Scientists urge caution on antibiotic alternatives

January 22, 2014
Scientists urge caution on antibiotic alternatives
The new treatments are intended to enable the patient to tolerate disease, and buy the immune system valuable time to get rid of the infection naturally

New types of drugs intended for use in place of antibiotics have been given a cautious welcome by scientists at the Universities of Liverpool and Edinburgh.

Researchers have been probing the long-term effectiveness of drugs being developed by the . These work by limiting the symptoms caused by a bug or virus in the body, rather than killing it outright.

Becoming resistant

These treatments are designed to avoid the problem of infections becoming resistant to treatment, which has become widespread with antibiotics.

This approach is intended to enable the patient to tolerate , and buy the immune system valuable time to get rid of the infection naturally.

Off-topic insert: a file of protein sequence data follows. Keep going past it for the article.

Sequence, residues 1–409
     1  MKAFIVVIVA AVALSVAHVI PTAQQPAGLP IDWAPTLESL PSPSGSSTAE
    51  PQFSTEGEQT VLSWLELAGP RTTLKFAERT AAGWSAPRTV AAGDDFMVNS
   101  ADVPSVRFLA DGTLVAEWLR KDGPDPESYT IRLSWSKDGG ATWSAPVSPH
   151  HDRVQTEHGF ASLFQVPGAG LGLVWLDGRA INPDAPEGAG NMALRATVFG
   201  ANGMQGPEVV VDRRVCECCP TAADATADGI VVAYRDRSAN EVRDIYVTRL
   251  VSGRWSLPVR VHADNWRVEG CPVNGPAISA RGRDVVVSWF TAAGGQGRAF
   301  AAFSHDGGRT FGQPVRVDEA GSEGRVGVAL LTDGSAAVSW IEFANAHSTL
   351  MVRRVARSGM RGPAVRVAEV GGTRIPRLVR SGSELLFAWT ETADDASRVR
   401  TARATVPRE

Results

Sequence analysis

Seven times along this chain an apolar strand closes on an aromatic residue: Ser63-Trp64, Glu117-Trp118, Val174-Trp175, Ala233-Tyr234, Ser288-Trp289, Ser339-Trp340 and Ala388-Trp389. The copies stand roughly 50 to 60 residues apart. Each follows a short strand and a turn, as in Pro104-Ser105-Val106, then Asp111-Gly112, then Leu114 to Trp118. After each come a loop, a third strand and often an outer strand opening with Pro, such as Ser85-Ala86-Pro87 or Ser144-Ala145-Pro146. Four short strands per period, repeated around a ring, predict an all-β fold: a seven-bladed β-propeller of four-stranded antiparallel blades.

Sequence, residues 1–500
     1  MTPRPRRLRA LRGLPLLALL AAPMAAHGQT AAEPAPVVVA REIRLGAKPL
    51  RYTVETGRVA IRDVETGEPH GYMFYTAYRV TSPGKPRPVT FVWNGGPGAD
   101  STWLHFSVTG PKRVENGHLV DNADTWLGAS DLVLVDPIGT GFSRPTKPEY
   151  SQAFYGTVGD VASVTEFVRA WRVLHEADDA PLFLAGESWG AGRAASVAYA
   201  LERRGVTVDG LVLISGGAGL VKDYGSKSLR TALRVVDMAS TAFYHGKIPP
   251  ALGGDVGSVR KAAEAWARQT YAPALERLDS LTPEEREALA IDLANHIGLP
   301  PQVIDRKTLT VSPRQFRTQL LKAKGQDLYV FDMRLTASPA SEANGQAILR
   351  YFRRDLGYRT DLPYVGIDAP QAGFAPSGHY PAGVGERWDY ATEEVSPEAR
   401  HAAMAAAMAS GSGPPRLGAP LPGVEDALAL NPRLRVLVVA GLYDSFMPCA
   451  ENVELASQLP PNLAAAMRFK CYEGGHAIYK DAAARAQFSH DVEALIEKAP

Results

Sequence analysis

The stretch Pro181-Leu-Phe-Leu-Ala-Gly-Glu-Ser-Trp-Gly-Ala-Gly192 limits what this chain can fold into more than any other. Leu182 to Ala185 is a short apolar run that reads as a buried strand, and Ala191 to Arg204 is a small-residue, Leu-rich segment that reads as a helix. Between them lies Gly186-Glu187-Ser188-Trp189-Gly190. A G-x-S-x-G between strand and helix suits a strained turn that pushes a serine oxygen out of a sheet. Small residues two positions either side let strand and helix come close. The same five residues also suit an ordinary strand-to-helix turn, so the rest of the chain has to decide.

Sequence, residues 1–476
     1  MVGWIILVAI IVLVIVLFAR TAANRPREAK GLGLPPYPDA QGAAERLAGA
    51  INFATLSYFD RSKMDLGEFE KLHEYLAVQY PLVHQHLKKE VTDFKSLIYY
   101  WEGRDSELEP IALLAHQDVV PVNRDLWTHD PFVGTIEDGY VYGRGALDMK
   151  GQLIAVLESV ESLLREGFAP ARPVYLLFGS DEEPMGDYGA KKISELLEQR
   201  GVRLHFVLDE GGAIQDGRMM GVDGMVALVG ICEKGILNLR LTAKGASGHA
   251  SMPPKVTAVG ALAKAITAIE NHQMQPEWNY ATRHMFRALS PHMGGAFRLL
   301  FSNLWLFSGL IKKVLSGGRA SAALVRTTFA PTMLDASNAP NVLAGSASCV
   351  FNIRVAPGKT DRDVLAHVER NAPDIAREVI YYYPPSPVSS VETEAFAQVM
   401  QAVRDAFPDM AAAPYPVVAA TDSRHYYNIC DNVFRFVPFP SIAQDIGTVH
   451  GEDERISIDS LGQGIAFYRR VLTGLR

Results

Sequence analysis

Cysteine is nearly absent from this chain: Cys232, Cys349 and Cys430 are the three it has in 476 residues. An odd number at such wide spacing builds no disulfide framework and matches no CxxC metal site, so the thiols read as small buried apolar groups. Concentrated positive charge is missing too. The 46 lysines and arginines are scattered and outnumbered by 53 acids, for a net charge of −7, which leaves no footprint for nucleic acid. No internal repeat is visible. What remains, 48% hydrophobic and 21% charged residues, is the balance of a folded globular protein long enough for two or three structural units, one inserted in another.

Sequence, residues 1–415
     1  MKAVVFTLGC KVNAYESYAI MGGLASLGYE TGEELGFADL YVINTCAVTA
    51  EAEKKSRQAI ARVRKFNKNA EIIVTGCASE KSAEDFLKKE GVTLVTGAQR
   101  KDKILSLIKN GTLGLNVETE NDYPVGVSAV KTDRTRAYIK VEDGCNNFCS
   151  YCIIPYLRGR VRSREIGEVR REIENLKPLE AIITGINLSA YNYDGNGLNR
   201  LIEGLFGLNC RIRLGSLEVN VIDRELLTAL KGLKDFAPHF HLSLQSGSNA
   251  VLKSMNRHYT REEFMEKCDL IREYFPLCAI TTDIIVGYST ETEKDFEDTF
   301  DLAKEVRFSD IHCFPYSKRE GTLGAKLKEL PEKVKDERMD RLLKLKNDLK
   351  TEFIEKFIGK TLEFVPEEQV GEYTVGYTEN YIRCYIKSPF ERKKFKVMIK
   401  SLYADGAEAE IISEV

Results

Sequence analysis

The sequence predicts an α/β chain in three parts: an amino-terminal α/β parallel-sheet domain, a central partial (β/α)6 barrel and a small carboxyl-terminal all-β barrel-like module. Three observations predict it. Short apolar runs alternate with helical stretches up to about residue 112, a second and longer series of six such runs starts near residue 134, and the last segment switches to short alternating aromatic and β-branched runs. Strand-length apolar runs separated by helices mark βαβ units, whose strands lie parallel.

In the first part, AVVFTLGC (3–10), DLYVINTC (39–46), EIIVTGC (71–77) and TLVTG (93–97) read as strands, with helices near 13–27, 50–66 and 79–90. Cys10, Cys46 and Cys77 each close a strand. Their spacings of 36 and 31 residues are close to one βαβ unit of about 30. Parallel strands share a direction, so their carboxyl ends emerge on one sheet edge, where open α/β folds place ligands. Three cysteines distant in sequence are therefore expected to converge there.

Researchers at the Universities of Liverpool and Edinburgh created a to discover how drugs that limit the damage caused by disease could affect how infections spread and evolve.
They found that for infections where the symptoms are not linked to the spread of disease, these drugs may prevent disease from evolving too quickly. They will be useful over longer periods of time.

However, parasitologist, Dr Andy Fenton, from Liverpool's Institute of Integrative Biology cautions that people given damage limitation treatments may appear healthy, but carry high levels of infection and so may be more likely to pass on disease. In addition, people with lesser symptoms could remain undiagnosed and add to the spread of disease.

Cautious

"Antibiotic resistance is a serious issue and these alternatives offer hope in solving the problem," he said.

"However we should be cautious as it's possible that in some cases these drugs may cause disease to spread."

More information: "Limiting Damage during Infection: Lessons from Infection Tolerance for Novel Therapeutics." Pedro F. Vale, Andy Fenton, Sam P. Brown. PLOS Biology. Published: January 21, 2014. DOI: 10.1371/journal.pbio.1001769

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